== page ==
Monday, 13 January 2020

Arthur Calder Marshall and Aleister Crowley

With reference to the earlier post in which Julian Maclaren-Ross recounted meeting Arthur Calder Marshall at a party in the 1940s I discovered that Calder Marshall had written an autobiography The Magic of My Youth in which Crowley features heavily. It's a very readable, amusing and interesting account that should be read by anyone interested in Crowley and his associates; there are other moving accounts of strange characters at Oxford and Calder Marshall comes across as a decent chap.

As a youth in the West Sussex village of Steyning he befriended an eccentric local poet and publisher who he calls Vickybird who dominates much of the book - he was in fact an earlier friend and sexual partner of Crowley, Victor Neuberg (see Jean Overton Fuller The Magical Dilemma of Victor Neuberg, 1965 - I see that my old university has a Neuberg Collection).

Calder Marshall grows up familiar with the notoriety of Crowley, a fairly constant presence in the press of the period and eventually gets to meet him in 1929. This, of course, contradicts Maclaren-Ross's memories, where he writes that CM had not yet met AC in the 1940s. Two encounters with the Great Beast take place, one in the famous Eiffel Tower restaurant in Percy Street and another during a period when AC was living in the village of Knockholt (1929-30) in a cottage with his then wife Maria de Miramar.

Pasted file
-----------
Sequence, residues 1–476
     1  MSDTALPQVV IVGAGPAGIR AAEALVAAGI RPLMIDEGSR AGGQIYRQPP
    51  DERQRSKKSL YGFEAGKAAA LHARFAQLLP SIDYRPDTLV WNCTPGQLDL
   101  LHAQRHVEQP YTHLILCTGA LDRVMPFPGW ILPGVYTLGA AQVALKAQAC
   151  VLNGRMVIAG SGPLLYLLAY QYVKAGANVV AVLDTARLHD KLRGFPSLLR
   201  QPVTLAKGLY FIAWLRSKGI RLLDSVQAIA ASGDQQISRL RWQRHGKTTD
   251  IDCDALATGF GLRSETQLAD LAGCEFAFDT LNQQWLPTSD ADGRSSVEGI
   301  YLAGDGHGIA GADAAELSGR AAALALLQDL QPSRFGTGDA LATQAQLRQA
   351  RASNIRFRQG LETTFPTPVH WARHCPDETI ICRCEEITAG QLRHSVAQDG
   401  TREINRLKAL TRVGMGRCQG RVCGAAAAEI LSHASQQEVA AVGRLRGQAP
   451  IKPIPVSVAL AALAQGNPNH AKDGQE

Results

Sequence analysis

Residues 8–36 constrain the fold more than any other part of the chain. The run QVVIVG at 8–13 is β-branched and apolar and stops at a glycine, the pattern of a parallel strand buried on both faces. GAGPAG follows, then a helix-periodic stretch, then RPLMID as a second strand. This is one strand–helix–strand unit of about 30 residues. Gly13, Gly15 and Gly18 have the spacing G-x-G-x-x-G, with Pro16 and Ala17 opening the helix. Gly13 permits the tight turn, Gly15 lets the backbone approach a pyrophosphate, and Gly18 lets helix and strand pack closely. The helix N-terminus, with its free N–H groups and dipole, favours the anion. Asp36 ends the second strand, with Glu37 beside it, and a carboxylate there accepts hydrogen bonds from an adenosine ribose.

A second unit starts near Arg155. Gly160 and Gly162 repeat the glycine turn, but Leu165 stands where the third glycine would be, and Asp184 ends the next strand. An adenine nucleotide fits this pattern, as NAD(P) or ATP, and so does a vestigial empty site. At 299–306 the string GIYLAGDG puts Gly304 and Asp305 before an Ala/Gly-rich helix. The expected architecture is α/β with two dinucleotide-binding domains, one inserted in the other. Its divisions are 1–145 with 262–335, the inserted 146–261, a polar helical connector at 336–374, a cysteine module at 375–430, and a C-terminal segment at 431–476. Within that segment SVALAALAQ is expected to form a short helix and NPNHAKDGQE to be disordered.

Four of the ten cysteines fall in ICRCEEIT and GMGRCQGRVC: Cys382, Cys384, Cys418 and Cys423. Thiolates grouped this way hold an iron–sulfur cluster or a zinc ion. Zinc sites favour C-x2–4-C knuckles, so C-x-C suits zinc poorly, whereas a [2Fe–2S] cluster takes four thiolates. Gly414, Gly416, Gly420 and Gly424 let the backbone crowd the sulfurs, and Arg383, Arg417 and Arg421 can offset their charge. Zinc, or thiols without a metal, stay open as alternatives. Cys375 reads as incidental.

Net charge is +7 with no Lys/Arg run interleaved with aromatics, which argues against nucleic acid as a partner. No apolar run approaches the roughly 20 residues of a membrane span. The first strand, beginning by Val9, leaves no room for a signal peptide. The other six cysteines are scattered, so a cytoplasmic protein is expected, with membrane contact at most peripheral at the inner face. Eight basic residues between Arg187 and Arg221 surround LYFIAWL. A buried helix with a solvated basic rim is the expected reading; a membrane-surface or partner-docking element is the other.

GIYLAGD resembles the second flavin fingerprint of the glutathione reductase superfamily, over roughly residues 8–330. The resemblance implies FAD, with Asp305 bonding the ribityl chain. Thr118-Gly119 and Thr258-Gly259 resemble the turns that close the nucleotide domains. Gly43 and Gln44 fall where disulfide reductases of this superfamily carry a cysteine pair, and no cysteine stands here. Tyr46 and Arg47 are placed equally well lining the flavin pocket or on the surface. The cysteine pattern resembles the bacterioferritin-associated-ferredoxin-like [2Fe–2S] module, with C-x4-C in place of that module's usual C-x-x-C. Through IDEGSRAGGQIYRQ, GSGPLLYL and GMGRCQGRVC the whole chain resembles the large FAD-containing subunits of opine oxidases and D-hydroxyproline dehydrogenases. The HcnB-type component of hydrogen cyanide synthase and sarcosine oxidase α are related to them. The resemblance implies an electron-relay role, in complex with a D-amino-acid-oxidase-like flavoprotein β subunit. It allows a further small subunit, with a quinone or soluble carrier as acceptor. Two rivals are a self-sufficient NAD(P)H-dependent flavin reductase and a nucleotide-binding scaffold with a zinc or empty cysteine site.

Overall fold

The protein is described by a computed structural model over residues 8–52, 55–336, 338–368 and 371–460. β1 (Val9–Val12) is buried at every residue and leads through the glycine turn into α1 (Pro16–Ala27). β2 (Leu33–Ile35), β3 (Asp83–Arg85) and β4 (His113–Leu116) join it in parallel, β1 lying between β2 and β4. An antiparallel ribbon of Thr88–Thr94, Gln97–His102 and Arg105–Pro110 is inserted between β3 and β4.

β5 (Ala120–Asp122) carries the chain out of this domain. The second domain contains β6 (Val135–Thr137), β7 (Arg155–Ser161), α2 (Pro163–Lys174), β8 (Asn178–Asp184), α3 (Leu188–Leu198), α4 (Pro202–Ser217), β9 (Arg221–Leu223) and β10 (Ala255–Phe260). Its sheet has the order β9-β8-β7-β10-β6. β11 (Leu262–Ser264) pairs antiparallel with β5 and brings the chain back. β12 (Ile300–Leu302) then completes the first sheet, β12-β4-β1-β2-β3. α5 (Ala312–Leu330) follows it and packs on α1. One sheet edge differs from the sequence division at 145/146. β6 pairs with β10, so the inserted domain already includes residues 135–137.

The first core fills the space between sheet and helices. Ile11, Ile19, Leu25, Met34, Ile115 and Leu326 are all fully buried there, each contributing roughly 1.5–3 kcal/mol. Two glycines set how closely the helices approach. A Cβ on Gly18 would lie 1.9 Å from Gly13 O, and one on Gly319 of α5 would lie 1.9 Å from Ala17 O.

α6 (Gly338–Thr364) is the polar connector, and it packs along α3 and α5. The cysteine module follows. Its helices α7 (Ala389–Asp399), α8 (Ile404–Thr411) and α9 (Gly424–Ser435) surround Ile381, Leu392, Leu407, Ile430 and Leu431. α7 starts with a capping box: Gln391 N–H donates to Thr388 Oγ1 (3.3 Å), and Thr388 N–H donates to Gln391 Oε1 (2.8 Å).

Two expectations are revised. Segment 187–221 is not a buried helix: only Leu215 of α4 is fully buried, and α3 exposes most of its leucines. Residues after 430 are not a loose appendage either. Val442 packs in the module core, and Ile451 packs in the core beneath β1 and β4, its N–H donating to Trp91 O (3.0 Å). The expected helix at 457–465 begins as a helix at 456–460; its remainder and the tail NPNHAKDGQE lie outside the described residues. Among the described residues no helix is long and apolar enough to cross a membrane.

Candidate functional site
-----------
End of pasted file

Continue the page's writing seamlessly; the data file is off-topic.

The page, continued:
Calder Marshall paints a suitably sinister picture of Crowley who appears to be trying to ply him with brandy and hypnotise him into possibly working for him and staying the night, when Lord knows what devilry might take place - but he manages to steel himself to leave.

'I looked across at the old man bent over the table with the brandy bottle at his elbow. He was scowling as much at me as at Eleanor [CM's girlfriend]. "What would you say we have been doing, sir?" I asked.
"I'd say I'd been wasting my time," her said, and he picked up the brandy bottle and carried it to the cupboard. "But at least, sir," I said, "I must thank you for saving a great deal of mine." 'p.193

Calder Marshall had also asked Crowley to deliver a lecture at Oxford which he agreed to do, choosing medieval child murderer Gilles de Rain as his subject. The lecture never took place as the university authorities banned it - Crowley later had it printed as The Banned Lecture (1930).

The book is also worth reading as yet another account of Fitzrovia and its pubs and characters, where he encounters other Crowley associates such as Betty May and Nina Hamnett.

Extracts from book were read by Alan Rickman on BBC radio in 1985 and thanks to the miracle of YouTube you can hear all of them - quality is not great but audible. Here's a link to episode 5 where he finally meets Crowley (whose surname Rickman pronounces correctly).

Wednesday, 18 December 2019

2020 Talks

Three talks have been confirmed this year, with more in the pipeline.

Thursday 20 February 7.30 pm: see their website for details. HERE

Kensington Central Library Lecture Theatre  6.30-7.30 pm FREE. More information and book through Eventbrite here
Part of a mini Folklore Festival in which, amongst others, Christopher Josiffe should also be giving a talk.

Thursday 26 March WHISTLER: CHELSEA'S GREATEST ARTIST Chelsea Library 6.15-7.15 pm
More information and book through Eventbrite here FREE

Thursday 9 April DECADENT WESTMINSTER City of Westminster Archives Centre 10 St Anne's St, Westminster, SW1P 2DE (details to follow)  FREE